Galvans Gorge Gibb River Road

The Gibb River Road in the Kimberley region of Western Australia is one of the best drives in Australia, a country that is simply teeming with roads which lead you through deliciously attractive country.

Part of the appeal of the Gibb River Road is the fact that it is remote, it can be very rugged, it passes through country that is incredibly old and spectacularly impressive, and because the road can be negotiated only during the dry season for during the wet much of it is underwater.

One of the reasons why people travel so far to reach the Kimberley is for the sheer adventure of it. For example, to reach Derby, at the western end of the Gibb River Road from Sydney, Australia’s largest city, requires of drive of almost 5,000 kilometres, and that’s by taking a short cut along the Tanami Road a 1050 kms dirt road which runs between Alice Springs and Halls Creek.

Along the Gibb are many turnoffs which lead to gorges that have been shaped by the massive rivers which cut through them during the wet season. One of the easiest to reach is Galvans Gorge which is located 286 kms from Derby.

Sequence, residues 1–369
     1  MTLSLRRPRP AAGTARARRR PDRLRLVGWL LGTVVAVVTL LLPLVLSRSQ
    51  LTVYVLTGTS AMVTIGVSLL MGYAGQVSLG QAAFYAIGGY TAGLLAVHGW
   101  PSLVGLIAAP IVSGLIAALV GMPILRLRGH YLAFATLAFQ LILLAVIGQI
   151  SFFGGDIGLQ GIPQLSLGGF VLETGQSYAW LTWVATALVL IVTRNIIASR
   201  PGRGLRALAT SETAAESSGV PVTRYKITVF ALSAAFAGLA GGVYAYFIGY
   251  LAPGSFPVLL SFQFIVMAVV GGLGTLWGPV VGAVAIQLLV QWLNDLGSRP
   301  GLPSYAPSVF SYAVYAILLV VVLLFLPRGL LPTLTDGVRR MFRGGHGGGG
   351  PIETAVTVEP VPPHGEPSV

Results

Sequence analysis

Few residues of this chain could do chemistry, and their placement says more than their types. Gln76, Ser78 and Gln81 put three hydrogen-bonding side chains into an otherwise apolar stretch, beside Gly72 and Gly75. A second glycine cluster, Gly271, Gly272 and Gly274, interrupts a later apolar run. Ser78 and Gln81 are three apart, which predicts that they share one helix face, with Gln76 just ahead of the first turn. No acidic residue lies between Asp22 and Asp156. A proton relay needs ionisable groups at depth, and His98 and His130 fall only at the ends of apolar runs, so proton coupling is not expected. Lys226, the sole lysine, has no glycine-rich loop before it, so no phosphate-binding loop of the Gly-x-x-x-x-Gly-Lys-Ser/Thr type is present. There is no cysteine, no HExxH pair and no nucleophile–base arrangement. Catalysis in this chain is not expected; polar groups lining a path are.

Heading east from Derby you pass through the Phillips Range and the parking area for the gorge is just past the Phillips Range Lookout.

There is some conjecture about the correct spelling of the Gorge, as it is commonly spelt as either Galvans Gorge or Galvins Gorge. Official documents record its name as Galvans Gorge and its coordinates are Latitude: -16.799699783 Longitude: 125.843803405.

Nevertheless, this gorge is probably the most accessible of all the gorges along the Gibb as it is an easy 15 minute walk from the carpark, mostly following a small stream. The gorge itself is open at its mouth, and surrounded on three sides by rock walls which seem to be about 15-20 metres in height, although I had no accurate way of measuring them. There is a lovely boab tree at the top of the cliff right next to the falls, as if standing sentry over them to offer protection.

It has a lovely clear, fresh and quite deep pool that is quite cool when you first enter it, but which is not so cold to be uncomfortable. The pool is fed by a cascading waterfall that is possible to climb with care. You can certainly climb a slight rock ledge and feel the soothing water massage you as it falls. To the right of the falls are some aboriginal rock paintings that are still in good condition, one of which features the mythical Wandjina Man. Near this painting is a tree you can climb out onto and safely jump into the pool.

Water lilies float in the pool and there is plenty of verdant vegetation around the pool to make it an attractive place to spend some time.

Whilst we were there a water monitor, a large aquatic lizard, swam nonchalantly by simply minding its own business, making for yet another magic moment during my travels along the Gibb River Road.

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